Discovery, appraisal, development, EOR and decommissioning often are described as the principal stages in the life of any E&P project. Successful E&P companies manage the risks and uncertainties associated with environmental, regulatory, technical and, as recent turmoil in the oil and gas markets has shown, economic factors at each stage in the life-of-field development. Seismic data play a key role in defining and managing those risk factors.

Modern ocean-bottom node (OBN) acquisition systems provide the best seismic data quality and clearest reservoir image to inform E&P strategies throughout each stage of field development.

Large-scale OBN surveys

The search for hydrocarbons has extended to remote and difficult-to-access areas; environmentally sensitive areas; areas of dense infrastructure; and geologic basins with complex overburden, structure and stratigraphy. Given these challenges and the limitations of conventional towed-streamer acquisition, autonomous nodal systems successfully balance the competing objectives of subsurface imaging, affordability, acquisition efficiencies, accessibility, repeatability and environmental impact.

The geologic and imaging objectives of a seismic survey are met by all-azimuth long-offset high-fold and dense subsurface sampling: All are requirements of new imaging and noise reduction technologies. OBNs are the affordable choice over ocean-bottom cable (OBC) systems to achieve those objectives. OBC systems that use terminations, connectors, power distribution and data telemetry are subject to technical downtime that drives up acquisition costs. The reliability of the OBN systems and the paucity of technical downtime allows more emphasis to be placed on improving the operational performance of the crew. Additionally, OBN acquisition is comparable in cost to wide-azimuth (WAZ) streamer for exploration where water depth, surface obstructions, shipping lanes, etc. leave gaps in streamer coverage.

Seismic surveys used for exploration and regional analysis must be efficient and cost-effective to acquire. Large-scale OBN exploration surveys are generally characterized by:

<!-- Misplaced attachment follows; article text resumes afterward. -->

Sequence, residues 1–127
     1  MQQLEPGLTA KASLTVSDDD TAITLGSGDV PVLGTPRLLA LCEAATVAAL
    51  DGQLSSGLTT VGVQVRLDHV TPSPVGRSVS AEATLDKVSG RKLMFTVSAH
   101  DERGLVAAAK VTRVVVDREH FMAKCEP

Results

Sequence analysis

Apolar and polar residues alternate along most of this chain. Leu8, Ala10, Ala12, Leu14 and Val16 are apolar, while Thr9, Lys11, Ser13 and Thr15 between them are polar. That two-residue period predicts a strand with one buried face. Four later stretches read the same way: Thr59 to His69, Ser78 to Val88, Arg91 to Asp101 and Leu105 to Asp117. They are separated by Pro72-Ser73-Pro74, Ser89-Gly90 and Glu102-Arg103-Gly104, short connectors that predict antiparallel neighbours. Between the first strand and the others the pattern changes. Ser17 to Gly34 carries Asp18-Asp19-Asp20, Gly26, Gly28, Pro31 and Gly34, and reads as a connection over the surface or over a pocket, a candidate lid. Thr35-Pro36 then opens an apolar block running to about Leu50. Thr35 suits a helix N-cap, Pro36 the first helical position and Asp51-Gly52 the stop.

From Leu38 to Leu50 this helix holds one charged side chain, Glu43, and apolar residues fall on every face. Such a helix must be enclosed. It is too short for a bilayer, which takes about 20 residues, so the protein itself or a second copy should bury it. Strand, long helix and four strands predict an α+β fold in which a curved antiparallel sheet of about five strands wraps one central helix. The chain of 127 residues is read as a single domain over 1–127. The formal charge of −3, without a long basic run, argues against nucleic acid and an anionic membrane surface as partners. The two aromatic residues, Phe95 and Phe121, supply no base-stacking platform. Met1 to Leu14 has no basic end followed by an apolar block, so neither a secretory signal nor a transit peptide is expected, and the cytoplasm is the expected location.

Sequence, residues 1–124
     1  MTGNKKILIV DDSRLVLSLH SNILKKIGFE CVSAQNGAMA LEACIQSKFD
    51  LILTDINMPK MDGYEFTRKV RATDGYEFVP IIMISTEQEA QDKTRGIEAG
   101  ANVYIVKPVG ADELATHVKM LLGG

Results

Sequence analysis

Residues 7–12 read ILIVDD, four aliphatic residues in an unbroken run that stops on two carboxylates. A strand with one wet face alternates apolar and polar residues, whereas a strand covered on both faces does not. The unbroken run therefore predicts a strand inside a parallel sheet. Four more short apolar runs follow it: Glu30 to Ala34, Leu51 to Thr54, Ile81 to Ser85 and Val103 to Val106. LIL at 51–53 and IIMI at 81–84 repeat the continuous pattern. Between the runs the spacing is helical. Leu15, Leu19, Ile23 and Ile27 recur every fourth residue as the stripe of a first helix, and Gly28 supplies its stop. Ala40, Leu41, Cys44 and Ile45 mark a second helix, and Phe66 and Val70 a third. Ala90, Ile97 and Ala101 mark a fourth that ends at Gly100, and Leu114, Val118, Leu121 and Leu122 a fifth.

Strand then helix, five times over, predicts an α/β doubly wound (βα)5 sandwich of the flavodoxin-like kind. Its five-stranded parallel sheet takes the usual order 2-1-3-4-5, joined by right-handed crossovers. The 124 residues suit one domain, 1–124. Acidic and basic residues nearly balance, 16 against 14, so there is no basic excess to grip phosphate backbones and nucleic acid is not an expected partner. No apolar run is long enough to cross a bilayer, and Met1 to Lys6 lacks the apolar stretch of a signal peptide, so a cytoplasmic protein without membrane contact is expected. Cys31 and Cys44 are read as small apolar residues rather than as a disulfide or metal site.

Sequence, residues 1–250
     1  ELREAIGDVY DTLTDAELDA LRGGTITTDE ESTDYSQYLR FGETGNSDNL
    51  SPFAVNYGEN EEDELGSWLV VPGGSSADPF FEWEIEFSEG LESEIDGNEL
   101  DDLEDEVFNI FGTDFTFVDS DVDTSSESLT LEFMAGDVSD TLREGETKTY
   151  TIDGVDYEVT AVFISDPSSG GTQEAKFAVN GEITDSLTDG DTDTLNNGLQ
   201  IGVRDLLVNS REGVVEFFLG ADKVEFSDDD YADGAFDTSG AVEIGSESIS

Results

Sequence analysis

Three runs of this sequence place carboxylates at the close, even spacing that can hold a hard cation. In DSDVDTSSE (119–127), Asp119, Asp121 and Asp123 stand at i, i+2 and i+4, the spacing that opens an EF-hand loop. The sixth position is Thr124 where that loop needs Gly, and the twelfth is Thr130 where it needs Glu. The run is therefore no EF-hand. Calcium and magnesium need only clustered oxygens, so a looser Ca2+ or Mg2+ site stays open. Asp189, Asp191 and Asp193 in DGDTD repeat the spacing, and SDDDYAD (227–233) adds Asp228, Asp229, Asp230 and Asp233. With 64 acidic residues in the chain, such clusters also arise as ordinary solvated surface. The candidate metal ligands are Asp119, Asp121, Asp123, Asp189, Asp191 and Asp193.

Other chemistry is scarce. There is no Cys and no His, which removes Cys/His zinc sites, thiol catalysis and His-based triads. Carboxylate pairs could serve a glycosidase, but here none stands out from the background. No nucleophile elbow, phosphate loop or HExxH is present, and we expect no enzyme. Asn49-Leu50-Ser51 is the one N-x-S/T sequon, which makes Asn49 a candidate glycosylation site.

1. All vessels working at all times;
  2. Source effort and receiver effort in balance;
  3. Large receiver area that minimizes repeated shots and efficiently uses blended sources; and
  4. Minimal impact of startup and ramp-down time.

OBN’s reliability and flexibility enable E&P companies to affordably meet their exploration objectives without compromising data quality and image clarity. Figure 1 shows a typical node-on rope acquisition using blended acquisition.

FIGURE 1. In a typical node-on-a-rope acquisition, nodes are deployed to the seafloor and retrieved using a passive rope. In this case there are two source vessels activating sources independently from each other. The blended seismic records are deblended from the continuously recording nodes after retrieval from the seafloor. (Source: FairfieldNodal)


Superior imaging for field appraisal

As E&P projects mature, the role of seismic data shifts from regional reconnaissance to identification of minimum economic field size. A well-designed seismic survey not only satisfies exploration objectives but also satisfies the requirements of field development and appraisal. The value of the seismic data and the quality of the information it provides directly correlates to reduction of risk and uncertainty in appraisal-stage decision-making, which involves:

  1. Delineation of economic limits;
  2. Estimation of reserve volume;
  3. Well/platform location; and
  4. Recovery strategy.

Poorly designed surveys, though possibly adequate for exploration purposes, rarely deliver the kind of data required by modern processing algorithms that are essential for field appraisal. Figure 2 is a comparison between collocated lines of a narrow-azimuth OBC survey and a WAZ long-offset OBN survey from the Gulf of Mexico. The images have been processed with similar imaging algorithms to identify the differences attributable to the acquisition only. The OBN image is clearly superior in fault definition, signal-to-noise ratio (S/N) and frequency content.